When travelling with insulin, keep it in a cooler box with ice/gel pack. Cover it with a hand towel to prevent it from getting too cold. Keep insulin in your hand luggage if you are traveling on a bus or plane.
Insulin is a hormone (chemical messenger) that is produced by the pancreas in your body.
WHY IS INSULIN IMPORTANT?
When we eat, food gets broken down into different nutrients. One of them is glucose (sugar). Glucose is like fuel for the body. It gives you the energy to move, talk, think and even sleep. If food enters the body, it triggers the pancreas to release insulin. Insulin is like a key that opens the cells. With the action of insulin, glucose can enter the cells and get used for energy or stored until it is needed by the body.
A person with type 1 diabetes does not produce insulin at all.
A person with type 2 diabetes may produce some insulin, but their body does not respond to it in the correct way
WITHOUT INSULIN, THE GLUCOSE REMAINS IN YOUR BLOODSTREAM.
This causes high sugar levels in your bloodstream (called hyperglycaemia).
Without insulin, glucose can’t be stored for energy. This is the reason why people with uncontrolled diabetes may feel tired, agitated and hungry. Hyperglycaemia can also cause damage to your blood vessels and organs. This can contribute to issues like heart attacks and strokes in the future.
Insulin cannot be taken as a tablet. It needs to be injected or given via an insulin pump.
A person with type 1 diabetes will need a long and short acting insulin when diagnosed.
A person with type 2 diabetes will usually start with a tablet to help their body to respond better to the insulin that it produces. Over time, if their diabetes is not controlled, the pancreas will produce less and less insulin until it is necessary for them to also inject insulin as part of their treatment.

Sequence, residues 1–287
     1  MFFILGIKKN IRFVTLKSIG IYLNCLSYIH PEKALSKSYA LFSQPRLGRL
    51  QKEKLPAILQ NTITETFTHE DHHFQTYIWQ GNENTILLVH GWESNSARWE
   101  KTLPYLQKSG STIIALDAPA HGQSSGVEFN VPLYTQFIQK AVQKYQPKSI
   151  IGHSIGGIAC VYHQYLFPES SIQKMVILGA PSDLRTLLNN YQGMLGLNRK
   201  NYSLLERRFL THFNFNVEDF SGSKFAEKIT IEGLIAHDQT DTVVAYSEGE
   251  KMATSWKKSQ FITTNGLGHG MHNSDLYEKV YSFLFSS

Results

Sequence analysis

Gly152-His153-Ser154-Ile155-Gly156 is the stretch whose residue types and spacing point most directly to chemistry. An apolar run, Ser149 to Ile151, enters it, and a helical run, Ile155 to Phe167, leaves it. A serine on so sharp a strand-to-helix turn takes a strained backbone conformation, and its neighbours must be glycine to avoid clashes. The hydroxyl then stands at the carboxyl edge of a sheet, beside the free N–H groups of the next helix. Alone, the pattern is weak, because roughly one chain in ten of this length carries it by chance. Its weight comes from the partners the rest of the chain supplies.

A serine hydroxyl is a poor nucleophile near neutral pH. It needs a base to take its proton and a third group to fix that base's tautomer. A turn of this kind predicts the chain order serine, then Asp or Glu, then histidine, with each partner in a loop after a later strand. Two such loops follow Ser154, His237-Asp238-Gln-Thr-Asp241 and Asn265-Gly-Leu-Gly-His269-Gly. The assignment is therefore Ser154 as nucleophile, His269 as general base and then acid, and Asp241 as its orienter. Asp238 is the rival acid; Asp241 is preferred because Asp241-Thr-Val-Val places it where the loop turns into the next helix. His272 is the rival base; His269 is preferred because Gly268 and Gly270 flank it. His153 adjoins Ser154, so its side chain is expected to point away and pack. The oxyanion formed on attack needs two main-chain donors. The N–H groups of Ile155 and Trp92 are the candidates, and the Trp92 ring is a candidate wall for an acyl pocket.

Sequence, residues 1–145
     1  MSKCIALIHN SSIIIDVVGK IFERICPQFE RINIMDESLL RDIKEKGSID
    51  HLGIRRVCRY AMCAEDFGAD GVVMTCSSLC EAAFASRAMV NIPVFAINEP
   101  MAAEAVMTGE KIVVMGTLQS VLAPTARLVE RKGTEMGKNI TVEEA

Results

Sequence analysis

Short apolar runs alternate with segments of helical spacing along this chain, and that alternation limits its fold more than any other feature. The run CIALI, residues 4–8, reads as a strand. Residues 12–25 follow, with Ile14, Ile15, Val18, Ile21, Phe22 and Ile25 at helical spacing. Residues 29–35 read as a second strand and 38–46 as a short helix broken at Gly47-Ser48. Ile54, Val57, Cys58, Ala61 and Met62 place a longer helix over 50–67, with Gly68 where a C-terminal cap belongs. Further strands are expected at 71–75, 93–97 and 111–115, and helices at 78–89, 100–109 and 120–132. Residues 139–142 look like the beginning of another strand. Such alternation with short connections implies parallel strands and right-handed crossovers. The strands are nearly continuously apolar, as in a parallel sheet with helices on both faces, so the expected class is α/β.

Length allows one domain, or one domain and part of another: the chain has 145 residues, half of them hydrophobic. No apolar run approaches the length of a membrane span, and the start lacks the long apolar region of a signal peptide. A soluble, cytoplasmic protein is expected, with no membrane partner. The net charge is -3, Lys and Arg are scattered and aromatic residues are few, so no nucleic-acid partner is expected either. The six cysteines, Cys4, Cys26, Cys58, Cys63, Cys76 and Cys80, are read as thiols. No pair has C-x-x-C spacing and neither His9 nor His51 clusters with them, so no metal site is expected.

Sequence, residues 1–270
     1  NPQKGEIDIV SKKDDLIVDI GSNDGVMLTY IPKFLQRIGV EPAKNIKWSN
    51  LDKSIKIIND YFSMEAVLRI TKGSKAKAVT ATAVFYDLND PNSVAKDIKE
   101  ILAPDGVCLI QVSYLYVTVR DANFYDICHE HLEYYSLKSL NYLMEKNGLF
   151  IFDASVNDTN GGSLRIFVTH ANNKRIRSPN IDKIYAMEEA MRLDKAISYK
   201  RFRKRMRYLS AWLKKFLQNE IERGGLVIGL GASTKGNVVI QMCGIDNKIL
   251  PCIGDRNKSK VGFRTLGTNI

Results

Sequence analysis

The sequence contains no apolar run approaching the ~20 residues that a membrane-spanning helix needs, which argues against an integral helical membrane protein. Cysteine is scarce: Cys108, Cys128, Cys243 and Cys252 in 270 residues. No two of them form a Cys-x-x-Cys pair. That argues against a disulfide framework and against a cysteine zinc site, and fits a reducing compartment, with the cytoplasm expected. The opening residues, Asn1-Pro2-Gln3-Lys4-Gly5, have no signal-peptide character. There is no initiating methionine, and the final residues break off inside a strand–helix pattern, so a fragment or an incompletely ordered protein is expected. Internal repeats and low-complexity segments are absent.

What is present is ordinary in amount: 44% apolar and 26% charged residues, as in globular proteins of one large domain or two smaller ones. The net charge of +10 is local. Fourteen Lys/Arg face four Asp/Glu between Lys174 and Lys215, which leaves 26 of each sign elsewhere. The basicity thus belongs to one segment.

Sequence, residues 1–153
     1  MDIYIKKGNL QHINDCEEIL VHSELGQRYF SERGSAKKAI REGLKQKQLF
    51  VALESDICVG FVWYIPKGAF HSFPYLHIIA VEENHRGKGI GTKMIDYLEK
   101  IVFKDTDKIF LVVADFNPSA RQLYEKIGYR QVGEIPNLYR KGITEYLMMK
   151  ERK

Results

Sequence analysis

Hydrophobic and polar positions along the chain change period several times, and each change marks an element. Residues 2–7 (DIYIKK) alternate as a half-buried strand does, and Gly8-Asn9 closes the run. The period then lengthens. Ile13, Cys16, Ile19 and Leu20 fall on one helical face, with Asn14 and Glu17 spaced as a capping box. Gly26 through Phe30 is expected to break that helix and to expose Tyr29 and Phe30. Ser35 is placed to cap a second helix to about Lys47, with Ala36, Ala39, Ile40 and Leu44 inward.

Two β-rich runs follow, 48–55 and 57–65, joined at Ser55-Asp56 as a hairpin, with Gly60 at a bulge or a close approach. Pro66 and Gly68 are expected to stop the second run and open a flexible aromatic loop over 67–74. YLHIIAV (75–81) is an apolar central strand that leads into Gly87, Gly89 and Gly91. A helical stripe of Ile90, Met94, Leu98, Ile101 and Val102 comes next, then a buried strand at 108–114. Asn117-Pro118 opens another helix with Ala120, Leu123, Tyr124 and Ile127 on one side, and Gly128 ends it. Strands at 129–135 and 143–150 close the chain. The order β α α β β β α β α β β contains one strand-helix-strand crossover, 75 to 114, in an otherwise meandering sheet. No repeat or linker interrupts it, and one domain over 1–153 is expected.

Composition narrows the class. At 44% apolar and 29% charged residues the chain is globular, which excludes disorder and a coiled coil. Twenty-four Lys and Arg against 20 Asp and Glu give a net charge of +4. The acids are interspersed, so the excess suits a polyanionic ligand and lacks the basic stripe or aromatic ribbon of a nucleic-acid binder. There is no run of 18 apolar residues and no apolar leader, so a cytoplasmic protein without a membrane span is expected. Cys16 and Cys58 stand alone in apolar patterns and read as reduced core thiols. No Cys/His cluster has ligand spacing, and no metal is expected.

THERE ARE DIFFERENT TYPES OF INSULIN, DEPENDING ON HOW LONG THEY HAVE AN EFFECT IN YOUR BODY:
Long-acting insulin is an insulin that is been released slowly throughout the day and night in your bloodstream. Some of the long-acting insulins work up to 12 hours and others up to 24 hours. Depending on the specific type of long-acting insulin you use, you will inject it either once or twice a day.
Short acting/rapid insulin is insulin that is injected with a meal to bring the blood glucose down after carbohydrates (sugar) is eaten. The name ‘rapid’ indicates that insulin works immediately after it is injected and its effects last only for a short time.
Your doctor will tell you which meals during the day will require you to use insulin. It could be for only one or for all 3 meals. Your doctor will also teach you how to adjust your insulin according to what your blood glucose reading is, what you eat and how active you are.
THE INSULIN THAT YOU INJECT IS JUST LIKE WHAT YOUR BODY WOULD NORMALLY PRODUCE. IT IS NEEDED TO CONTROL YOUR DIABETES EFFECTIVELY.
Written by Sr Annemarie Van't Foort | Health Window
Reference: Tosun B, Cinar FI, Topcu Z, Masatoglu B, Ozen N, Bagcivan G, Kilic O, Demirci C, Altunbas A, Sonmez A. Do patients with diabetes use the insulin pen properly? Afr Health Sci. 2019 Mar;19(1):1628-1637